by Hiko Mitsuzuka
The horror genre gets delightfully skewered in director-choreographer James J. Mellon's Scary Musical The Musical, an electrifying production that gleefully flips every slasher film trope on its head (now running through November 9 at the NoHo Arts Center).
The scene: Vera Miles High School. The story: someone's slicing and dicing the members of the school's drama club before their opening night extravaganza. Meanwhile, a patient has escaped from a nearby mental institution (naturally). Horror enthusiasts may recognize a similarity in this past summer's indie satire Stage Fright, but unlike that letdown of a slasher, this briskly paced musical (at a lean, intermission-free 90 minutes) delivers all the goods on top of a kickass pop-rock soundtrack, thanks to music and lyrics by Richard Hochberg and Michael Paternostro.
With characters named Leeza Courtney Fox, Norman Hates, Freddy Louissier, Jason Cravin, Jamie Lee Leigh, and Carrie Beige, horror fanatics will get a kick out of all of the nods to the genre classics and jump at some of the impressive special effects that jolt the audience throughout the show.
Playing Norman Hates is a sufficiently creepy August Emerson, who could very well be an Edward Gorey-drawn character come to life. With a mop of jet-black hair and a ghostly pale complexion, Emerson delivers lines with a psychotic energy (the dude also has a killer voice - check out his showstopping solo, "Mother"). And then there's Colorado native Keir Kirkegaard, whose rippling abs nearly steal a couple of scenes. But what really stands out is Kirkegaard's uncanny physical and vocal resemblance to superstar Justin Timberlake (I wouldn't be surprised if the actor moonlights as an impersonator).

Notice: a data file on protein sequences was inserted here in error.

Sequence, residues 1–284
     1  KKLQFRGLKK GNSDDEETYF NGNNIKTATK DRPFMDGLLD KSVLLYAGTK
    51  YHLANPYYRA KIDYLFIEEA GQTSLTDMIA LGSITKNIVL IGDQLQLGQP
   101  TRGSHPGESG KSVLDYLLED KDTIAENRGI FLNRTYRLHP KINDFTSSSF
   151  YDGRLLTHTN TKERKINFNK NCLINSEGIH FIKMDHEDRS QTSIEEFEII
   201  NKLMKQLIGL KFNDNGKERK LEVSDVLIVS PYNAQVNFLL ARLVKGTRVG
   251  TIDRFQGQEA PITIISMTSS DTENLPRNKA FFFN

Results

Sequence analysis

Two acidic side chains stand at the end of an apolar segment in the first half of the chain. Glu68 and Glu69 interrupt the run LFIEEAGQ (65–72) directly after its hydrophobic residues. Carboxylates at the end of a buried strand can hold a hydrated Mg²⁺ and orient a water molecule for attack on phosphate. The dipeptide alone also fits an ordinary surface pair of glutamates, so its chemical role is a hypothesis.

Several of the cleverly written songs deserve a bigger stage, but under some tight and smart direction, they soar inside the 99-seat venue. The opening number, "Killer in the House," perfectly sets up the deliciously devious tone while "High School Can Be Murder" is an anthem that not only wittily introduces our heroes and heroines, it shines as a theme song of Joss Whedon-esque proportions -- it's like a lost track from Buffy the Vampire Slayer's "Once More With Feeling" songbook. And finally, "Baby Let Me Come Inside" is the on-the-nail, pun-tastic performance it sounds like, admirably carried out by Kirkegaard and actress-dancer Jane Papageorge.
The only tune that comes close to steering the musical terror train off the track is "Out of Africa," a number that's a bit heavy on exposition and light on focusing on the themes at hand. But no matter: by the time the blood hits the fan in the third act's zany climax, you'll be glad you hopped aboard this superfun crazy train.
And just who is the killer? Thanks to an interactive component -- the audience gets to live-tweet and vote for their suspect -- there isn't one definitive answer. (Shades of 1985's Clue, anyone?)
Get your tickets HERE now.